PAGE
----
In recent weeks, the $63 million expansion to Oregon’s Len Casanova Center has been in the news as construction has begun on the 130,000 square foot project.
Some attention has gone to the unique private-public partnership behind the deal, in which a Phil Knight-owned development company leases the university’s land in order to build there (without following university construction processes) and then hand the finished building back to the Oregon athletics department as a gift. Others have focused on the amenities the bigger, better Cas Center will bring Duck athletes, from a new 25,000 square foot weight room to enhanced video facilities and a new practice facility.
While the Cas Center expansion is indeed an important part of Oregon’s continuing quest to win a national championship through investing in state-of-the-art facilities to go with its innovative coaching staff, it will not mark the end of the school’s architectural ambitions. In fact, the truly landmark project may be one yet to be announced but long anticipated: an expansion to Autzen Stadium.
As Duck fans remember from a decade ago, construction crews first expanded Autzen between the 2001 and 2002 seasons, with the south half the stadium rebuilt to bring capacity from approximately 41,000 to 54,000 (although crowds have surpassed 60,000 with standing-room-only seating). Although the addition meant that Oregon now had crowds coming closer to some of the conference’s larger facilities such as Husky Stadium and USC’s Memorial Coliseum, having one half of the oval larger than the other ruptured the elegant symmetry of the original 1967 design by internationally renowned architecture firm Skidmore, Owings and Merrill (creators of the Sears Tower in Chicago and the new World Trade Center in New York).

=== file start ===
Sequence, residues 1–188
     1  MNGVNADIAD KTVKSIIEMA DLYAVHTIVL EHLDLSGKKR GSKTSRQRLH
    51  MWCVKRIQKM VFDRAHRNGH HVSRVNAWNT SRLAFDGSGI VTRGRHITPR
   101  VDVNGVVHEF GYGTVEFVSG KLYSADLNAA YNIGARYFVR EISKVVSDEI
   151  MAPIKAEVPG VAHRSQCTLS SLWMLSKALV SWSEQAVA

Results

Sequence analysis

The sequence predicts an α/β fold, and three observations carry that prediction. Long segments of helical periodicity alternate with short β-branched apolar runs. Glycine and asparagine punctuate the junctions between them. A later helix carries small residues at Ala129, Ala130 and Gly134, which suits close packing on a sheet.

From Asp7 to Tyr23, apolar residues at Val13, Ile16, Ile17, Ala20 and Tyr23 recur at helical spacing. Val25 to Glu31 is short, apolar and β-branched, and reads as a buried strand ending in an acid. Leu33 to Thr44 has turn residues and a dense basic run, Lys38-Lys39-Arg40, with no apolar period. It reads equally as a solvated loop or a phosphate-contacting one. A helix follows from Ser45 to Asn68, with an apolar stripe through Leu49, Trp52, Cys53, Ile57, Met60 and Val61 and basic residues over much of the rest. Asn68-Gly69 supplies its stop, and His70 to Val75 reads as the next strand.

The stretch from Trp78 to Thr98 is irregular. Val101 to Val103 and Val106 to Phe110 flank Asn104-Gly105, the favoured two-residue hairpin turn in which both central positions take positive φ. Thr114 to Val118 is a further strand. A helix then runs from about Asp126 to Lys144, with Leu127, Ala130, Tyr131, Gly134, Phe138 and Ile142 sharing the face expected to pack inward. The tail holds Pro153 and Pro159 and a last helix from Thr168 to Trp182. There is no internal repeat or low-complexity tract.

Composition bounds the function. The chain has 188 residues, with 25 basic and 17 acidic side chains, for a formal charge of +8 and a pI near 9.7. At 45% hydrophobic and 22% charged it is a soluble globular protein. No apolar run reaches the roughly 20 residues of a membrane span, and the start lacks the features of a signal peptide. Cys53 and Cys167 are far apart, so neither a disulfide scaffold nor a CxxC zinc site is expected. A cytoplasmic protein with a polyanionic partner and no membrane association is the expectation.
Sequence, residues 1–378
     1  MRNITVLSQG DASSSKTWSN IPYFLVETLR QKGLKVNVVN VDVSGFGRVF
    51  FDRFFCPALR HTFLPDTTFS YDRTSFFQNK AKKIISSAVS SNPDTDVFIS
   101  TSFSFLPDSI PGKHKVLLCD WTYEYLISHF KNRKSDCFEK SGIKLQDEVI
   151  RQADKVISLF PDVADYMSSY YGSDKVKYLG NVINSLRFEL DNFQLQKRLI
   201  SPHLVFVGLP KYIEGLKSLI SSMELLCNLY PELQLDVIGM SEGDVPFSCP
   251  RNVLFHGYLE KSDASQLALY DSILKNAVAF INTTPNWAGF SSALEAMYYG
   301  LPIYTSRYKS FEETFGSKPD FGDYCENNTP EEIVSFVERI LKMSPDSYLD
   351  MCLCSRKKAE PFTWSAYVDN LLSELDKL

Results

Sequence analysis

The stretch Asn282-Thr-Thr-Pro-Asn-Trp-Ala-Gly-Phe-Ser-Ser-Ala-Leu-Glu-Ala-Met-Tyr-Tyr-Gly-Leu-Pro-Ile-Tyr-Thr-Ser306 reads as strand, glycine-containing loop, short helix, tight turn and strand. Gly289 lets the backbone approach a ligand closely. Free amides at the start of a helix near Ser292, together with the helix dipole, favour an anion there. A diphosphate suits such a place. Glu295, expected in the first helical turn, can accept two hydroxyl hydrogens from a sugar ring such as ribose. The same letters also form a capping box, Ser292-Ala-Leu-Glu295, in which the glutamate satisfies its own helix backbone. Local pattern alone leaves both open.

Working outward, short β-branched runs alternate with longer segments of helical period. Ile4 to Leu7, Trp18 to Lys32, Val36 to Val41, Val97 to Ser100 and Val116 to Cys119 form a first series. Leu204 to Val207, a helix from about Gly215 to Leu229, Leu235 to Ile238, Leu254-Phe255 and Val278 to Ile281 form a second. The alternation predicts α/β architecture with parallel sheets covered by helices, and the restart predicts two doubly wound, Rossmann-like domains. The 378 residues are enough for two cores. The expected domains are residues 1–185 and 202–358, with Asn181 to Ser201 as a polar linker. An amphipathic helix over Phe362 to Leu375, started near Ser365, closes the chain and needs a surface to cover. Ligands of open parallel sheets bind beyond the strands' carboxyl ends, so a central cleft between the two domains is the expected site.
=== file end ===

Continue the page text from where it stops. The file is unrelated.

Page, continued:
Bowl-shaped stadiums such as Autzen, the Rose Bowl, Michigan Stadium and Notre Dame Stadium have long been considered the most special of stadium designs, recalling the symmetry and simple beauty of the original Roman Coliseum. An expansion would not only put Autzen right again in terms of its original form, but would also bring capacity up to some 70,000, and probably surpassing that figure with standing-room seating. When architecture firm Ellerbe Becket won the job to design Autzen’s 2002 expansion, they were the only firm to go beyond what the university asked for—designing a new south side—and offer a future design for a full expansion.
Expanding Autzen Stadium wouldn’t just be a matter of increasing capacity, however. It would be an architectural symbol seemingly meant to give a sense of solidity and permanence to the metamorphosis of the Oregon program into one of the nation’s most elites. The circa-2002 façade has already become an icon of sorts, with the “O” logo towering from above and the space beneath a series of Y-shaped columns providing a gathering place shaded from the elements.
After all, the original stadium, despite the elegance of its bowl-shaped design, was designed to fit into the landscape without towering over the surrounding city of mostly one to three-story buildings. A new addition to Autzen would give Oregon the opportunity to make a grand architectural statement. Sport, like the rest of history, is a quest for dominance and to build empires, be they benevolent ones or malicious. Autzen could, and assumedly would try to be, given some of the ambitious people behind any such expansion, an architectural landmark.
One can only guess what wonders a new stadium could include. What about a second awning, for example? Not only would it shelter more fans from inclement weather (although legend of course has it that it never rains at Autzen Stadium), but it would also help make the acoustics even noisier. As at Qwest Field in Seattle, known as one of the loudest stadiums in the National Football League, at an Autzen with two partially covered halves the sound of fans cheering would bounce off the awning and back over the field – like a 767 jet engine taking off.